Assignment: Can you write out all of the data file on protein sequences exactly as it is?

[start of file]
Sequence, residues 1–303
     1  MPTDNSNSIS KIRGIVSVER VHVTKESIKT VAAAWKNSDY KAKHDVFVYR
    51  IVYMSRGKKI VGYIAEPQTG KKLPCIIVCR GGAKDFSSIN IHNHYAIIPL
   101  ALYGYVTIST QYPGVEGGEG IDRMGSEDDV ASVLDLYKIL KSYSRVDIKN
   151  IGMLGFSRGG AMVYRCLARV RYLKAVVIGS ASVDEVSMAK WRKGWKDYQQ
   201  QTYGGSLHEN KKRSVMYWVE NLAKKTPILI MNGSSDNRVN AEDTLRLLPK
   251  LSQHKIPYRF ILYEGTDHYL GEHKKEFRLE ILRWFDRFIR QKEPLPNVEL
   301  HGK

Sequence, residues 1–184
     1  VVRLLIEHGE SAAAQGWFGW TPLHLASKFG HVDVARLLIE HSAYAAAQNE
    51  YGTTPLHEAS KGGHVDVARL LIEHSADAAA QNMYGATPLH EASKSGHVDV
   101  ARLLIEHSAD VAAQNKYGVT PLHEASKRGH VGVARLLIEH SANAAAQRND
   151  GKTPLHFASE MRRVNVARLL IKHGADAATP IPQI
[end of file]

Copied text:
Sequence, residues 1–303
     1  MPTDNSNSIS KIRGIVSVER VHVTKESIKT VAAAWKNSDY KAKHDVFVYR
    51  IVYMSRGKKI VGYIAEPQTG KKLPCIIVCR GGAKDFSSIN IHNHYAIIPL
   101  ALYGYVTIST QYPGVEGGEG IDRMGSEDDV ASVLDLYKIL KSYSRVDIKN
   151  IGMLGFSRGG AMVYRCLARV RYLKAVVIGS ASVDEVSMAK WRKGWKDYQQ
   201  QTYGGSLHEN KKRSVMYWVE NLAKKTPILI MNGSSDNRVN AEDTLRLLPK
   251  LSQHKIPYRF ILYEGTDHYL GEHKKEFRLE ILRWFDRFIR QKEPLPNVEL
   301  HGK

Sequence, residues 1–184
     1  VVRLLIEHGE SAAAQGWFGW TPLHLASKFG HVDVARLLIE HSAYAAAQNE
    51  YGTTPLHEAS KGGHVDVARL LIEHSADAAA QNMYGATPLH EASKSGHVDV
   101  ARLLIEHSAD VAAQNKYGVT PLHEASKRGH VGVARLLIEH SANAAAQRND
   151  GKTPLHFASE MRRVNVARLL IKHGADAATP IPQI